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Legal questions mean subdivision case will return to ZAP next month

Wednesday, May 13, 2009 by Austin Monitor

The Zoning and Platting Commission ended discussion of the re-subdivision of a pair of 70-year-old lots last week after a brief private session with city attorneys.

A consultation with legal staff is rare for ZAP, but the subdivision of 5511 Woodview Ave. was enough to send everyone behind closed doors. When the discussion was done, Chair Betty Baker pulled the case, and Commissioner Keith Jackson requested the entire history of the lot, which was platted in 1927 and subdivided in 1935. A site plan was filed on the lot in 1972, along with deed restrictions.

Specifically, Jackson requested the plat, as it was originally reviewed and recorded, and any and all subsequent modifications and amendments. The documentation is expected back at Zoning and Platting Commission on June 16.

City staff recommended the action, which would have divided two lots into four lots on Woodview Ave. Three of the four lots would be about 10,000 square feet, with the fourth being dedicated to a larger flag lot.

Planner Sylvia Limon said city staff had reviewed the plats and had found them to meet the city’s land development regulations. The lots had included several other plats along the way, and now a request to re-subdivide. At the time the land was platted, the original deed restrictions were minimal, Limon said.

“The original deed restrictions are fairly minimal, established shortly after the land was originally subdivided,” Limon said. “Talking to the property owners in the area, however, there were several amendments of the plats.”

Did the latest deed restrictions go with the current lot? It wasn’t completely clear.

Commissioner Clarke Hammond, handling past documentation on the lot that was not included in the back-up materials for the agenda, noted that the site plan for the Heritage Square Condominiums, to be located on the site, would create 18 units. It would appear the 1972 deed restrictions would apply to the proposed development.

The total land area is just under an acre. Jackson noted a design that had three lots facing the street and one lot tucked behind them. A number of similar lot subdivisions exist on the streets in the area.

Agent Jim Bennett said 8 to 10 different parcel numbers were associated with the plat in question. Using a map, Bennett noted that a number of other parcels in the area had been split over the course of the last four decades.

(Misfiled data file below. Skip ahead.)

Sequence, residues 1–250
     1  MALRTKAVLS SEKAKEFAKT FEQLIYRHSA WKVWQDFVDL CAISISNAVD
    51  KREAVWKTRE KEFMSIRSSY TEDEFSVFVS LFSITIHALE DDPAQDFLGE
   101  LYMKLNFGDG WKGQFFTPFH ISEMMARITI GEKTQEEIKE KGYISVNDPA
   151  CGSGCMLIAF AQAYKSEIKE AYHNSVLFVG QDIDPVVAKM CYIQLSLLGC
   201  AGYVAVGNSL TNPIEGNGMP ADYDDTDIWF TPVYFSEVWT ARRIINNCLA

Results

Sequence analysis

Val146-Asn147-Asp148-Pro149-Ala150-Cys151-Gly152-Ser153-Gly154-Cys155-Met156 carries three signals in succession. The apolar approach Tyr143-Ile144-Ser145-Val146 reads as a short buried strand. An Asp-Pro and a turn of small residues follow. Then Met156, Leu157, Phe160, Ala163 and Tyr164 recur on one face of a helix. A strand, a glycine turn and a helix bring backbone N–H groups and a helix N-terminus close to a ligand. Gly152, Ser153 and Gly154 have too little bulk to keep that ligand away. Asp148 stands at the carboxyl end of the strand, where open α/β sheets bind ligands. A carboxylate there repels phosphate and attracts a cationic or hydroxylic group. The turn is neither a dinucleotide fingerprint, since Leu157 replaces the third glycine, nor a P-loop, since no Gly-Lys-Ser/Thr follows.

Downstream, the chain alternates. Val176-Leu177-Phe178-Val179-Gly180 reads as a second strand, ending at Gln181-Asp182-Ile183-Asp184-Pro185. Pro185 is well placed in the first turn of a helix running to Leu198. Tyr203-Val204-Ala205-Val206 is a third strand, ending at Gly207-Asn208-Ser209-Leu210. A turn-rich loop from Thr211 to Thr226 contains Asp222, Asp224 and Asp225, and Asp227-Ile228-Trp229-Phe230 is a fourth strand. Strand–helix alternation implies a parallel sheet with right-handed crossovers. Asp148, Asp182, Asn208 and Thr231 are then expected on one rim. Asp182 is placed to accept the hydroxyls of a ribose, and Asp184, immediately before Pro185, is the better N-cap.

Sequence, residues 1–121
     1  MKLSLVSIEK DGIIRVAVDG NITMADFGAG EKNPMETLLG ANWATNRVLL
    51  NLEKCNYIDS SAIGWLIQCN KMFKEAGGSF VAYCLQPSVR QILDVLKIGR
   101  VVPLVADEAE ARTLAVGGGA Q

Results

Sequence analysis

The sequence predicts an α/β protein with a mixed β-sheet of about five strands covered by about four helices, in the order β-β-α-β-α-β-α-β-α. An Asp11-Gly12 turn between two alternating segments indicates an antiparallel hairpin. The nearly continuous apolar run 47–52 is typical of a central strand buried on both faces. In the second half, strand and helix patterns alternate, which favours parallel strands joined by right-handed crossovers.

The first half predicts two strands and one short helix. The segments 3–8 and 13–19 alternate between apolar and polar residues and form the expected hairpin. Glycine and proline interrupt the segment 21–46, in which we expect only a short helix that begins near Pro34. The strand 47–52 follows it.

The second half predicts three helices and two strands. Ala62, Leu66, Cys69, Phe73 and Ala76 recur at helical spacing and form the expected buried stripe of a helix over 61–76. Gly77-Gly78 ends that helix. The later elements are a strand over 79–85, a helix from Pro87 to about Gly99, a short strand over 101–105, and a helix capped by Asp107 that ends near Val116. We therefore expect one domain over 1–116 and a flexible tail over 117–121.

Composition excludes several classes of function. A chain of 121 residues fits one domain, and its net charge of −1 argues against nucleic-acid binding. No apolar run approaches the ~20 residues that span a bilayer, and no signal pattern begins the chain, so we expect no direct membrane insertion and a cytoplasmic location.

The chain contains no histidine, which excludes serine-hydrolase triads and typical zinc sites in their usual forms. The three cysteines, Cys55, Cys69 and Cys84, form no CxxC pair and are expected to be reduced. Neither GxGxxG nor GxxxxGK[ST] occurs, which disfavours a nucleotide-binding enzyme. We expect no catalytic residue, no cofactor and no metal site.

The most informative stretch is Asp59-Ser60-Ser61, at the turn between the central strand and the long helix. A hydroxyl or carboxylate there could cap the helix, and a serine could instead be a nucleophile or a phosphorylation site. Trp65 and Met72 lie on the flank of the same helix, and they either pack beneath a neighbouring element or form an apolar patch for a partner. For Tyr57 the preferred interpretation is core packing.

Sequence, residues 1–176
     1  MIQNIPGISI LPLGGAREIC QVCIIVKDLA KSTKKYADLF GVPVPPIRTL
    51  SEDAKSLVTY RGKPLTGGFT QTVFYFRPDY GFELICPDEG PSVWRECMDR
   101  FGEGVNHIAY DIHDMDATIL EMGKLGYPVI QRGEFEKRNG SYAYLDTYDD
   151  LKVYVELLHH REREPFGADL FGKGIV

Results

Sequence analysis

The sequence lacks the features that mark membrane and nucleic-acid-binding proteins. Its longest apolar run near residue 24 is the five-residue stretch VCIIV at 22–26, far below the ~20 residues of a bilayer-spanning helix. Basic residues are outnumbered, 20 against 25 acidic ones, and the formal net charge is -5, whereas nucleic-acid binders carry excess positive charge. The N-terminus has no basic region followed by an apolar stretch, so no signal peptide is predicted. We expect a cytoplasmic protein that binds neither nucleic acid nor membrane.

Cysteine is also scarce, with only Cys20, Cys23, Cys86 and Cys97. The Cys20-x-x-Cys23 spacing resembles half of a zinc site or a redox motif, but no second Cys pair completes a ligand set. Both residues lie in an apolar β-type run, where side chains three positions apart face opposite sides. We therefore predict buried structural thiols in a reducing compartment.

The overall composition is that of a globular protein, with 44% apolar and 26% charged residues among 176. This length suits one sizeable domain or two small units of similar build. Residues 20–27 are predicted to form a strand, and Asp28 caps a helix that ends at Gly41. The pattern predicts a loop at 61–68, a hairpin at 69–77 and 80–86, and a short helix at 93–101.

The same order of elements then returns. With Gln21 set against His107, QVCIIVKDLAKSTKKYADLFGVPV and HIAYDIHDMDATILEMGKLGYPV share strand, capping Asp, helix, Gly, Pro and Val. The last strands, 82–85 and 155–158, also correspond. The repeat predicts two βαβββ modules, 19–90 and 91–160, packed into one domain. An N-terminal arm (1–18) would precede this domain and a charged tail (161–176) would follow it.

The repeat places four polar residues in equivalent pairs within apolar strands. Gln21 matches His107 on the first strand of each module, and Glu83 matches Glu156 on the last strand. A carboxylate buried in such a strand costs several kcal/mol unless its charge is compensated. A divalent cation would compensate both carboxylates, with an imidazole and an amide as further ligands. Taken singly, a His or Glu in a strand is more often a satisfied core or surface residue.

“We are meeting all the requirements of the state law and the city law of the subdivision process,” Bennett said. “We don’t think we are in violation of the subdivision rules of the city to request that you approve the platting of lots of about 10,000 square foot each.  A lot of the lots in there are larger, and then some of the lots have about the same square footage.”

That map did not impress the commissioners. Just because everyone else was doing it didn’t mean that this owner should get a pass.

“What I think I heard you say is that the owner of these two lots is knowingly, willingly, deliberately and blatantly violating the deed restrictions, as many of his neighbors have done for many years,” Jackson said.

In their protest of the re-subdivision, neighbors admitted some lots might have been re-subdivided in the neighborhood without the enforcement of the deed restrictions. Those just slipped by. But it should be clear, now, that this re-subdivision was in violation of conditions put on the property.

Al McMurtry, who has lived in the neighborhood since 1977, was counsel when the signatures were gathered on the deed restriction rewrite in 1972. McMurtry said the desire for single-family housing – rather than a condo project or retirement home – was a clear point of discussion when the deed restrictions were approved.

The owner of the property said that sections in state law prohibit re-platting without vacation. This property clearly fell into that category, McMurtry said. Each and every plat on the property needed to be vacated under state law.

Bennett countered that claim, arguing that the high number of lot splits on the street voided the original deed restriction requirements. He argued the development plan for the houses were far from the size to trigger the McMansion ordinance. The development would comply with state law and city codes.

Those comments were followed by the closed-door session with city legal staff. The full history of the lot, it appears, will be discussed next month.

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